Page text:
Several universities appear to be the victims of a data breach connected to vulnerabilities in file transfer software sold by IT security company Accellion.
Files containing sensitive information from Stanford University; the University of Maryland, Baltimore; the University of Miami; the University of California, Merced; the University of Colorado and Yeshiva University were recently discovered on the dark web, tech news website Gizmodo reported Thursday.
A statement from the University of California system published Wednesday advised faculty members, students and staff members at all UC campuses not to respond to emails stating, "your personal data has been stolen and will be published."
"We believe the person(s) behind this attack are sending threatening mass emails to members of the UC community in an attempt to scare people into giving them money," the UC statement said. "Anyone receiving this message should either forward it to your local information security office or simply delete it."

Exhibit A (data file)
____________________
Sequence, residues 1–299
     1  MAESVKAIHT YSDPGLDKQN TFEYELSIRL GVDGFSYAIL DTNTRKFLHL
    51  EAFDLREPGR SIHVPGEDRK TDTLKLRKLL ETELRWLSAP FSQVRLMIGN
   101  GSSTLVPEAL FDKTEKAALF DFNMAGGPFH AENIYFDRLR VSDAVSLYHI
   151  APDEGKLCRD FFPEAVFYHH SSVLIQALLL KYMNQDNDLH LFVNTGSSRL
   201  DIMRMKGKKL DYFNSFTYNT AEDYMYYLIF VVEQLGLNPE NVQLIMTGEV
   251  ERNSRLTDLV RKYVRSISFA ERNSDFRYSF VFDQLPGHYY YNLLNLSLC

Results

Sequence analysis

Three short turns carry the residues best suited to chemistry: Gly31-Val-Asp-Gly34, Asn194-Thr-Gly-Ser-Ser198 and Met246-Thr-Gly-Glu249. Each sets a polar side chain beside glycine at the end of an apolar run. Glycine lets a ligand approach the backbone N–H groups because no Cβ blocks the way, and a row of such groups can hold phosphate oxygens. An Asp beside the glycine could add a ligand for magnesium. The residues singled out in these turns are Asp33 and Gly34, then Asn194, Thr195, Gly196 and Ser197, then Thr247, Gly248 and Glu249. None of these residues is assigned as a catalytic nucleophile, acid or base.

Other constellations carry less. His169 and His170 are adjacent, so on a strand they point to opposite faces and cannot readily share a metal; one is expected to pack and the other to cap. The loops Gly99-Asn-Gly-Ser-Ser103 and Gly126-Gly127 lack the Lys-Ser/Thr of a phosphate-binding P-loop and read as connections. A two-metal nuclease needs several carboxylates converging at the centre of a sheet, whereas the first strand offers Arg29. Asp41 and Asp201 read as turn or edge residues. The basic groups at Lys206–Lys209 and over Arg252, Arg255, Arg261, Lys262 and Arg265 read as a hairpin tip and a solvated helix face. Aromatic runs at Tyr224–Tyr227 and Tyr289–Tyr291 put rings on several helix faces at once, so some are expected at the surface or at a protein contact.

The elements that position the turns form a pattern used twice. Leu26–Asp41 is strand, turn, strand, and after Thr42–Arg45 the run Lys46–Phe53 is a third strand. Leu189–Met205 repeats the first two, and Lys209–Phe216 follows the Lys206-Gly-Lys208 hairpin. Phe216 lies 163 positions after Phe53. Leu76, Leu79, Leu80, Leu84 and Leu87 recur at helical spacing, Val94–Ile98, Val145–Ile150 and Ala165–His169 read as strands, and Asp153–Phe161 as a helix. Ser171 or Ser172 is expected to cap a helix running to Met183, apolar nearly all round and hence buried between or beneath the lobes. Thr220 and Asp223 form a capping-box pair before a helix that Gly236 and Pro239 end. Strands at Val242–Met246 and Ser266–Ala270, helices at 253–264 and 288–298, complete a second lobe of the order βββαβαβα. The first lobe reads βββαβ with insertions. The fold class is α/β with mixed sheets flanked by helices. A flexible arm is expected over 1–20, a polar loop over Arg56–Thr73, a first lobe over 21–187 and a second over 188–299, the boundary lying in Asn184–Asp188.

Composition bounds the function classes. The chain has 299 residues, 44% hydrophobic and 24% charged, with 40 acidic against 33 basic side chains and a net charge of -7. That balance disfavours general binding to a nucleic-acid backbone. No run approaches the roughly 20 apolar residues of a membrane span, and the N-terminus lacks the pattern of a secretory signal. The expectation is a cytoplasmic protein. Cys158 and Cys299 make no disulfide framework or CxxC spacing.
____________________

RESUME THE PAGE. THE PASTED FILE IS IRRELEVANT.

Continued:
The universities' data files were shared on a website called Clop, which is known to share snippets of stolen information and then demand a ransom in return for not publishing the rest of the stolen data.
"Clop has posted data relating to multiple universities most, if not all, of which have already confirmed their breaches were Accellion-related," said Brett Callow, threat analyst at cybersecurity company Emsisoft, in an email. "Clop is publishing the data from the Accellion breach on a staggered basis and is still adding victims, so it's possible more universities may have been affected."
A vulnerability in Accellion's file transfer software was exploited by cybercriminals earlier this year.